VIEW THE MOBILE VERSION of www.steelmaking.ca Informational Site Network Informational
Privacy
   Home - Steel Making - Categories - Manufacturing and the Economy of Machinery

Steel Making

Crucible Steel
Crucible steel is still made by melting material in a clay or...

Chrome-nickel Steel
Forging heat of chrome-nickel steel depends very largely on ...

Heat Treatment Of Lathe Planer And Similar Tools
FIRE.--For these tools a good fire is one made of hard foundr...

Hardness Testing
The word hardness is used to express various properties of me...

Detrimental Elements
Sulphur and phosphorus are two elements known to be detrimen...

Blending The Compound
Essentially, this consists of the sturdy, power-driven separa...

Heat-treating Equipment And Methods For Mass Production
The heat-treating department of the Brown-Lipe-Chapin Company...

Molybdenum
Molybdenum steels have been made commercially for twenty-five...

Steel For Chisels And Punches
The highest grades of carbon or tempering steels are to be re...

Rate Of Cooling
At the option of the manufacturer, the above treatment of gea...

Heating Of Manganese Steel
Another form of heat-treating furnace is that which is used ...

Shrinking And Enlarging Work
Steel can be shrunk or enlarged by proper heating and cooling...

Steel Before The 1850's
In spite of a rapid increase in the use of machines and the ...

Preventing Carburizing By Copper-plating
Copper-plating has been found effective and must have a thick...

Pickling The Forgings
The forgings were then pickled in a hot solution of either ni...

Complete Calibration Of Pyrometers
For the complete calibration of a thermo-couple of unknown e...

Drop Forging Dies
The kind of steel used in the die of course influences the he...

Heating
Although it is possible to work steels cold, to an extent de...

Plant For Forging Rifle Barrels
The forging of rifle barrels in large quantities and heat-tre...

Phosphorus
PHOSPHORUS is an element (symbol P) which enters the metal fr...



Temperatures To Use






Category: HARDENING CARBON STEEL FOR TOOLS

As soon as the temperature of the steel reaches
100 deg.C. (212 deg.F.) the transformation begins, increasing in intensity
as the temperature is raised, until finally when the lower critical
range is reached, the steel has been all changed into the ordinary
constituents of unhardened steels.

If a piece of polished steel is heated in an ordinary furnace, a
thin film of oxides will form on its surface. The colors of this
film change with temperature, and so, in tempering, they are generally
used as an indication of the temperature of the steel. The steel
should have at least one polished face so that this film of oxides
may be seen.

An alternative method to the determination of temper by color is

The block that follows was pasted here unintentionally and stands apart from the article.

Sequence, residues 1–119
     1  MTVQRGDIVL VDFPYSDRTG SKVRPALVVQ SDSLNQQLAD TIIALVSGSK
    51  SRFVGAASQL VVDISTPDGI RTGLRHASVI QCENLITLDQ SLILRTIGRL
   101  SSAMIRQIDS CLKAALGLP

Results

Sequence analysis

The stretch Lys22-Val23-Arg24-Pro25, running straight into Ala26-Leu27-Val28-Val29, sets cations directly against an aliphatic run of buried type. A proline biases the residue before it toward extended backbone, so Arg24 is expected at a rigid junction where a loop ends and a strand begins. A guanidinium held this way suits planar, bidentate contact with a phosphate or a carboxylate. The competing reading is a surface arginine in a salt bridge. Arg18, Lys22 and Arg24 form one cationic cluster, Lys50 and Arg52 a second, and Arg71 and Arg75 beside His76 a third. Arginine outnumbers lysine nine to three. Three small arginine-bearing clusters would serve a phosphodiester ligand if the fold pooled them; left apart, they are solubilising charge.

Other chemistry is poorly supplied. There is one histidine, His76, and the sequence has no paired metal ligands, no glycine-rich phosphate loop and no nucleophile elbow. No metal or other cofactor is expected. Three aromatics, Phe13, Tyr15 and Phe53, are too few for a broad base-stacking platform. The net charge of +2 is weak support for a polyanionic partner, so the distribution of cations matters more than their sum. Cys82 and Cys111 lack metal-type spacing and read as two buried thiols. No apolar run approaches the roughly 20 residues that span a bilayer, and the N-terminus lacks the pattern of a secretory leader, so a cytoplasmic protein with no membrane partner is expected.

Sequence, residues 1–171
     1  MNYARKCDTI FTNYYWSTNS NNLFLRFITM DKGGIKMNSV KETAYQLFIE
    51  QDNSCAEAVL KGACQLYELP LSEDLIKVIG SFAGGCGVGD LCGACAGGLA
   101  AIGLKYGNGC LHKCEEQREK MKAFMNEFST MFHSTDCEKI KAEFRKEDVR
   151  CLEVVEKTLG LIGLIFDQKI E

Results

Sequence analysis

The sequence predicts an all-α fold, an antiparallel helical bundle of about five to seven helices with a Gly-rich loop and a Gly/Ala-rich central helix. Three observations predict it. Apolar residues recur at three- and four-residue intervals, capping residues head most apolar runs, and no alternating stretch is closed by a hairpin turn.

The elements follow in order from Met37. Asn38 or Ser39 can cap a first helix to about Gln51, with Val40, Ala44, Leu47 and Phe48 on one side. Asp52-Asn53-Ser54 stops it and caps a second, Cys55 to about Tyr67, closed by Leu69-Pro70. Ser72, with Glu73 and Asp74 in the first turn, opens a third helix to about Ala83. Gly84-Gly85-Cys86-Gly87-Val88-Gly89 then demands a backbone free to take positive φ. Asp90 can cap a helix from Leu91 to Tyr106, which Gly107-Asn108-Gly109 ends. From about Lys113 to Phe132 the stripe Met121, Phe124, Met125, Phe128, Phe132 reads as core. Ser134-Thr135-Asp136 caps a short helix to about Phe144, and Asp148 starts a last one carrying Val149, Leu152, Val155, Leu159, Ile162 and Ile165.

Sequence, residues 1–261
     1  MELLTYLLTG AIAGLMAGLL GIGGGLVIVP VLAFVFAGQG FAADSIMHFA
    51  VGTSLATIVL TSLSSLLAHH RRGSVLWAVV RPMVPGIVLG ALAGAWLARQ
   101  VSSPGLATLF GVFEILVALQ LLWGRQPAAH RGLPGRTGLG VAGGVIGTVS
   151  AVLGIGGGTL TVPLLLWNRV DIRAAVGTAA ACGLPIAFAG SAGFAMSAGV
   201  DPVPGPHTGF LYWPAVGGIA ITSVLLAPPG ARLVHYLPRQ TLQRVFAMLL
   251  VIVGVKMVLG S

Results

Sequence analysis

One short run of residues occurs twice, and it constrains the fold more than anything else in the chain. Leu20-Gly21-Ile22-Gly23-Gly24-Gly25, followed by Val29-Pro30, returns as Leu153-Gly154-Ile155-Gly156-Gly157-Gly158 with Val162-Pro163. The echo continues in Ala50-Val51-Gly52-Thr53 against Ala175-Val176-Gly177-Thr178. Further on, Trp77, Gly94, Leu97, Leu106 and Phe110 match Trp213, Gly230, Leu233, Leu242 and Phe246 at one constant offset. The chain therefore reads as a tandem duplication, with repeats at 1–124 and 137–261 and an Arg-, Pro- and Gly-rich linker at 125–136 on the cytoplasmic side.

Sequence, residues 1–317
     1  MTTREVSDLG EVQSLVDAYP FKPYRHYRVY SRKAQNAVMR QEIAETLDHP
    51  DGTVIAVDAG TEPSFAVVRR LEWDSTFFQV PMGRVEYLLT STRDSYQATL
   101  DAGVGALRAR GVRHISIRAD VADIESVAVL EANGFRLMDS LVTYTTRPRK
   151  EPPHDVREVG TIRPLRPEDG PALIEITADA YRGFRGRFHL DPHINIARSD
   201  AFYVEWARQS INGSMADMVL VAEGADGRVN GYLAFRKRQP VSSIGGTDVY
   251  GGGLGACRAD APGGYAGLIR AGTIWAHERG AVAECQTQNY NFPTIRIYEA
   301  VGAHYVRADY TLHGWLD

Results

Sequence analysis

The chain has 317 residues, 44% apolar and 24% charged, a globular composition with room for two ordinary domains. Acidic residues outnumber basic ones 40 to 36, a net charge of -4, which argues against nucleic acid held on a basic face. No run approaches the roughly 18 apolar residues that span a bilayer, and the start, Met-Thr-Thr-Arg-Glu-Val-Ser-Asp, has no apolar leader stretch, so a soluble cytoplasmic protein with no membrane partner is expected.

to temper by heating in an oil or salt bath. Oil baths can be used
up to temperatures of 500 deg.F.; above this, fused-salt baths are
required. The article to be tempered is put into the bath, brought
up to and held at the required temperature for a certain length
of time, and then cooled, either rapidly or slowly. This takes
longer than the color method, but with low temperatures the results
are more satisfactory, because the temperature of the bath can
be controlled with a pyrometer. The tempering temperatures given
in the following table are taken from a handbook issued by the
Midvale Steel Company.

TABLE 23.--TEMPERING TEMPERATURES FOR STEELS
----------------------------------------------------------------------------
Temperature Temperature
for 1 hr. for 8 min.
--------------- Color --------------- Uses
Deg. F.Deg. C. Deg. F.Deg. C.
-----------------------------------------------------------------------
370 188 Faint yellow 460 238 Scrapers, brass-turning tools,
reamers, taps, milling cutters,
saw teeth.
390 199 Light straw 510 265 Twist drills, lathe tools,
planer tools, finishing tools
410 210 Dark straw 560 293 Stone tools, hammer faces,
chisels for hard work, boring
cutters.
430 221 Brown 610 321 Trephining tools, stamps.
450 232 Purple 640 337 Cold chisels for ordinary work,
carpenters' tools, picks, cold
punches, shear blades, slicing
tools, slotter tools.
490 254 Dark blue 660 343 Hot chisels, tools for hot
work, springs.
510 265 Light blue 710 376 Springs, screw drivers.
----------------------------------------------------------------------------

It will be noted that two sets of temperatures are shown, one being
specified for a time interval of 8 min. and the other for 1 hr. For
the finest work the longer time is preferable, while for ordinary
rough work 8 min. is sufficient, after the steel has reached the
specified temperature.

The rate of cooling after tempering seems to be immaterial, and
the piece can be cooled at any rate, providing that in large pieces
it is sufficiently slow to prevent strains.





Next: Knowing What Takes Place

Previous: The Theory Of Tempering



Add to del.icio.us Add to Reddit Add to Digg Add to Del.icio.us Add to Google Add to Twitter Add to Stumble Upon
Add to Informational Site Network
Report
Privacy
SHAREADD TO EBOOK


Viewed 2908